On Thursday April 9th, Zephyr Teachout returned to Greenwich Village and the Village Independent Democrats, one of several political clubs that endorsed her in her primary challenge to Governor Andrew Cuomo. After happily reporting that she had just been awarded tenure by the Fordham University Law School, she began a discussion of her particular area of expertise, which is political corruption.
As outlined in her book Corruption in America, fear of money in politics caused concern among political leaders as far back as the very founding of the country. Money and gifts to politicians, such as a jewel encrusted snuff box given to Benjamin Franklin by the King of France, were often completely banned or severely restricted by law. People who wanted to approach or petition Congress would have to do it themselves. No one was allowed to hire someone to do it for them until the Supreme Court ruled that it was permissible.
This ability to hire someone to lobby for you was expanded by both politicians and Supreme Court decisions, most notably by the Citizen’s United decision of 2010. The old form of corruption involving envelopes of cash handed under the table to some politician (known well during the Tammany Hall period of NYC government) has been replaced by vast amounts of donations for campaigns, on-going lobbying, political party building and innocent sounding “gifts.”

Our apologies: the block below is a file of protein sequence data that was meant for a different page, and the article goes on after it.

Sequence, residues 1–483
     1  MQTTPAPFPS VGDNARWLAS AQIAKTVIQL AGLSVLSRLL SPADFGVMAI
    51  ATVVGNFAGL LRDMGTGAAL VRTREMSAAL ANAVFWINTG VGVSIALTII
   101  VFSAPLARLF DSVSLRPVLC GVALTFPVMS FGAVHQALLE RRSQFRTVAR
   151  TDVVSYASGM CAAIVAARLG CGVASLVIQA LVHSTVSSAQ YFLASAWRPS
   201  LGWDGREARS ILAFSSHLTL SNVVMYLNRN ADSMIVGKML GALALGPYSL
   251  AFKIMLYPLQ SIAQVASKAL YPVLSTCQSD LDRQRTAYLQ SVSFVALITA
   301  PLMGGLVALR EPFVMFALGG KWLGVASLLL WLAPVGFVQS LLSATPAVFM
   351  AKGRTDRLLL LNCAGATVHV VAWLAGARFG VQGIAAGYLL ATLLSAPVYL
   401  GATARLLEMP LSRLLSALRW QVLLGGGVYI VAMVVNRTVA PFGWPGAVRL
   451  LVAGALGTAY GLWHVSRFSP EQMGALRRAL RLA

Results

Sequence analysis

Teachout voiced her support for making legislation and the budget process more transparent, curbing executive power, achieving a Democratic state senate in 2016 and, of course, pursuing political corruption whenever possible.
The overall impression from her presentation was that her primary run was not just a one-time involvement. We will probably be hearing a lot more about her in the future, and she will be hearing a lot more from The Village as her career progresses.